Psychologist Jonathan Kellerman writes a thoughtful Wall Street Journal op-ed piece , with which I largely agree, grappling with the ethical responsibility of the mental health profession with respect to violence:
Kellerman does, however, place too much responsibility at the feet of the “liberationists” and “libertarians”, exemplified by R.D. Laing and Thomas Szasz for the historic failure of the mental health system to effectively address such issues. Would that Laing’s thought had had more of an influence! Kellerman summarizes the Laingian perspective as the principle that “[not] only wasn’t psychosis a bad thing, it was evidence of a superior level of consciousness”. But Laing’s opposition to psychiatric medication and hospitalization were just the window dressing on his more essential contribution — an existential perspective which gives inroads into the inner world of our psychotic patients that inherently humanizes our care. This is not incompatible with the responsible mainstream practice of clinical psychiatry, IMHO, and I can cherish Laing’s influence on my psychiatric philosophy without cognitive dissonance even though I medicate and hospitalize patients. About Szasz I have less kind things to say, especially given his collaboration with the Scientologists.
Deinstitutionalization and the failure of the community mental health system were not driven nearly as much by such idealistic philosophical vision as they were by the fiscal betrayal of the severely mentally ill — a socially insignificant constituency without serious advocates, and one our society is all too ready to shun and stigmatize — in the service of budgetary constraint. As Kellerman observes, “this was baby-and-bathwater time.” The crux of the matter, he goes on to observe,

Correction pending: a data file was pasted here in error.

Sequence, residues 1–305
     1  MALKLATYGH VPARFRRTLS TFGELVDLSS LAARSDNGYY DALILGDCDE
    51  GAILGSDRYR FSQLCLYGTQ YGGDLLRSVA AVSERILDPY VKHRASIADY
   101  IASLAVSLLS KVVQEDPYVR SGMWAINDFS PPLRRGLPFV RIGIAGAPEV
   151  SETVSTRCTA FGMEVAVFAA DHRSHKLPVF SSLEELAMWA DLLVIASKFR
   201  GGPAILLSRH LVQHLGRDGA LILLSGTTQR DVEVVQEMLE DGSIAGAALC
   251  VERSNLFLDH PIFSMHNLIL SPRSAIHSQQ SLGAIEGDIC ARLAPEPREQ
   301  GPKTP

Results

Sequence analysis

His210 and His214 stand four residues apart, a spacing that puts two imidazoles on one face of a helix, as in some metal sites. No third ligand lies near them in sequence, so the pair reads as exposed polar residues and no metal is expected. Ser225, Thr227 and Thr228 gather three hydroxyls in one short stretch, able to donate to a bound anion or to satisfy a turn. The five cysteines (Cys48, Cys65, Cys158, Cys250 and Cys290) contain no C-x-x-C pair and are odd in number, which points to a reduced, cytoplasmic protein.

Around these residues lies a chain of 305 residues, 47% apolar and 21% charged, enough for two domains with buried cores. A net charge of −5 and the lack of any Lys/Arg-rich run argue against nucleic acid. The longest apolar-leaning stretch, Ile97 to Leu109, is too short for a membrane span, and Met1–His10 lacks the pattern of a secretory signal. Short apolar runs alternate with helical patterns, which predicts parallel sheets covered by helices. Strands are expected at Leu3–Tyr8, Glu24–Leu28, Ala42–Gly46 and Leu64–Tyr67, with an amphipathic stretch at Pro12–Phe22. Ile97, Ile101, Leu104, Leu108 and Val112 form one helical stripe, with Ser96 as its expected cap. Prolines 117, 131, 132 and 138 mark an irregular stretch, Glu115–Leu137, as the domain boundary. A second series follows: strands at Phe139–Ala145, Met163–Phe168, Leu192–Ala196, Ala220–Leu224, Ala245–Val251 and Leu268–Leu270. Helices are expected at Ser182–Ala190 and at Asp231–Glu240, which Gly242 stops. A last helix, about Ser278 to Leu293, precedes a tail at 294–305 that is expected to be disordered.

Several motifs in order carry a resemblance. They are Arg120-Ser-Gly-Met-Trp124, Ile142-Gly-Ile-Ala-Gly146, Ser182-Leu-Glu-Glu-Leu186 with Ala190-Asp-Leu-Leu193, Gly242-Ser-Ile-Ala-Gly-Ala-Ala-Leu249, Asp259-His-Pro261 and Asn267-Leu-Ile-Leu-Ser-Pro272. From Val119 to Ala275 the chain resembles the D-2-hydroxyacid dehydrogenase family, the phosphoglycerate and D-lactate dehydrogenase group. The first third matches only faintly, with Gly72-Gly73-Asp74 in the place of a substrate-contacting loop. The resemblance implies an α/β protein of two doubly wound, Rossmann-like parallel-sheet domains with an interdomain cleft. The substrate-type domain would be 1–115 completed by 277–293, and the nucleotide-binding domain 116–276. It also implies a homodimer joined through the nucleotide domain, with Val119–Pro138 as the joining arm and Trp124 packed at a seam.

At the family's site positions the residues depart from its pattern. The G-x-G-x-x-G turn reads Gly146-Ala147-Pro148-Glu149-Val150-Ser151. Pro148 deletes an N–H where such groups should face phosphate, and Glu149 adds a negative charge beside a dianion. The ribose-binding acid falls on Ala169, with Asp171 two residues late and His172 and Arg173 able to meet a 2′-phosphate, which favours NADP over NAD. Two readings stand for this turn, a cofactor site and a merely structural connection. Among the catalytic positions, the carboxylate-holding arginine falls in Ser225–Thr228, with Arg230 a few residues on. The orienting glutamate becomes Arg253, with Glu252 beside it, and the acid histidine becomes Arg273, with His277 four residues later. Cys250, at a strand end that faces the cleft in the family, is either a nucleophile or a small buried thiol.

I would amplify on that; schizophrenia (and other major mental illness) involves not only a general degradation of reasoning but also a specific loss of insight into the nature of one’s illness and recognition of the need for treatment, known as anosognosia, that can be understood both in terms of psychological denial and neurochemical dysfunction of particular brain regions, and which makes noncompliance with followup treatment and medication the single most important cause of deterioration and relapse.
While exercising due diligence in raising caveats, Kellerman infers that Cho had a serious mental illness and, unfortunately, all we will have is speculation:
I would be the first to assert that psychiatry is a markedly imperfect tool at best for the prediction and prevention of violence, and that once on the slippery slope of preventive detention the dangers outweigh the benefits. But Kellerman’s conclusion, that
should give us pause.